SANDWICH – Although the dry weather postponed Sandwich’s Fourth of July fireworks show, the city still hosted its annual holiday festivities Saturday and Sunday.
What was formerly known as Freedom Days, an annual Fourth of July festival held for at least the past 20 years, was a little different this year, said Sue Swithin, director of the Sandwich Park District. The committee that organizes the celebration decided not to put the festival together this year because of a lack of volunteers, so the park district took over.
“After years of doing it, there were not a lot of volunteers, and they got kind of burned out,” she said. “It will probably stay within the park district’s hands.”
Swithin said the park district took charge of the advertising for the groups who wanted to participate in the annual weekend festivities, and it also provided electricity to vendors and set up chairs for music events.
Saturday was hot, but people still came watched the 85 to 90 entries in the parade. And about 100 runners participated in the annual Freedom Tot Trot and 5K run Sunday morning, Gene Burd, 68, of Sandwich was among them.
“I started running in , but I haven’t run every [Freedom Days] race,” he said. “I’ve logged 17,600 miles since I started running.”
His wife, Janelle Burd, performed in Saturday’s Indian Valley Community Band concert. Although performers were in the shade and there was a nice breeze, she said, Saturday’s hot weather kept the band’s audience small.
The Burds have been celebrating Sandwich’s Fourth of July festivities for years, and their favorite aspect was the pancake breakfast Sunday held at the Sandwich Fire Department.
The breakfast was held by Cub Scout Pack 345 in Sandwich, and the 40 Cub Scouts in the pack worked in shifts from 7 a.m. to noon serving pancakes, sausage and a variety of drinks to more than 250 people who stopped in.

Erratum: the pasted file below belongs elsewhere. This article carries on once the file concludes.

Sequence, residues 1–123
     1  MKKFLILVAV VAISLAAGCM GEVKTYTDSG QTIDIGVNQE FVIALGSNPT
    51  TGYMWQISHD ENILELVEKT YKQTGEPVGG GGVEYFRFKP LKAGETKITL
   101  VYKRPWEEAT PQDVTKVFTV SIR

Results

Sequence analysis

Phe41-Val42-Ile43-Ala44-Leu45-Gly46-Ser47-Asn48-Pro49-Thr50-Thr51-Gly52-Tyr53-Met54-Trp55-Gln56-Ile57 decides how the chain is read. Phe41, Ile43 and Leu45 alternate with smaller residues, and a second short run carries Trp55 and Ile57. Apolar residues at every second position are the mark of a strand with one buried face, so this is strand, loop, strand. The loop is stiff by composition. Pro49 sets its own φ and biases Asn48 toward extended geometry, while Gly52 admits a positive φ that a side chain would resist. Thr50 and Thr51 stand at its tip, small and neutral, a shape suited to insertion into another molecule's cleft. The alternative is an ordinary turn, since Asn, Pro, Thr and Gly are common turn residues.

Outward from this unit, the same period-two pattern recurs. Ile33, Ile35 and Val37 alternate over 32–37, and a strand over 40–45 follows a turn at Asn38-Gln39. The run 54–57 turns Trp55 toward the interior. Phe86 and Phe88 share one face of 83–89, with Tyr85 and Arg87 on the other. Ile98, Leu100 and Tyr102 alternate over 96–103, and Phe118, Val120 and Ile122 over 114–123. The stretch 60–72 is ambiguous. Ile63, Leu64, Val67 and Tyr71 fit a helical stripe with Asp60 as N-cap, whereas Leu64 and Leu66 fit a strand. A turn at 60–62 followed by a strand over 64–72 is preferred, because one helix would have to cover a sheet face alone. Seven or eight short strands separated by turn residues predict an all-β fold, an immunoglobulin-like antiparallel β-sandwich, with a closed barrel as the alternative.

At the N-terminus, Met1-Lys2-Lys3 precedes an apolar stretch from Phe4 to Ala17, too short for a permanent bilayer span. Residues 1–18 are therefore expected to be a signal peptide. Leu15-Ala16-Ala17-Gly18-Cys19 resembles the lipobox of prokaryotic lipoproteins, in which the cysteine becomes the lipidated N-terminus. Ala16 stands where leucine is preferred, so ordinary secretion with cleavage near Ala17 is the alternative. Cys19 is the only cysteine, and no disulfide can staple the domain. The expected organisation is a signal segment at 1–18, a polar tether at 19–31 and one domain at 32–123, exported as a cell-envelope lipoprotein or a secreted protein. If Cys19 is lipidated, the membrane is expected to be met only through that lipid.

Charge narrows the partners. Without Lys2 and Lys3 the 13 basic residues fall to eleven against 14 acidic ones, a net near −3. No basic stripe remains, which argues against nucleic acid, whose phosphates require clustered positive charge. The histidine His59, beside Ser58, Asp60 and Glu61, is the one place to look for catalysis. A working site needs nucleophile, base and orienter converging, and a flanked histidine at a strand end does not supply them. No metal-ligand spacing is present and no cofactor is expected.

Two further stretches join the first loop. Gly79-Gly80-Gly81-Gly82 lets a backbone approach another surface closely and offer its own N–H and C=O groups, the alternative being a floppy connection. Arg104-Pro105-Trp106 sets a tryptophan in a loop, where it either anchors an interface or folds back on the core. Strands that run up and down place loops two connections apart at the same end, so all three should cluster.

“It goes to the pack and helps pay for awards, events, equipment – all sorts of things,” said Chad Carlson, Cubmaster for Pack 345, of the proceeds.
Another highlight Sunday was the Custom Motorcycle Show hosted by Black Magic Customs in Sandwich. Co-owner Lynn Hoffman said the show usually draws 50 to 60 bike entries for the contest, which has categories for antique, custom and street bikes.
Sunday usually wraps the festival up with a fireworks show at the Sandwich Fairgrounds, but the dry conditions delayed the show. Swithin said she hopes they launch in August, and the park district is working out schedules with a band to find a good weekend.
With the park district likely taking over the Fourth of July celebration in Sandwich, Swithin said a new name for the festival is kicking around. The district also wants to move it to Milestone Park, where lots of improvements are under way.
She said once the improvements are complete, the park should have a main stage with a sound system, a skate park, a place for a beer garden and possibly a splash pad.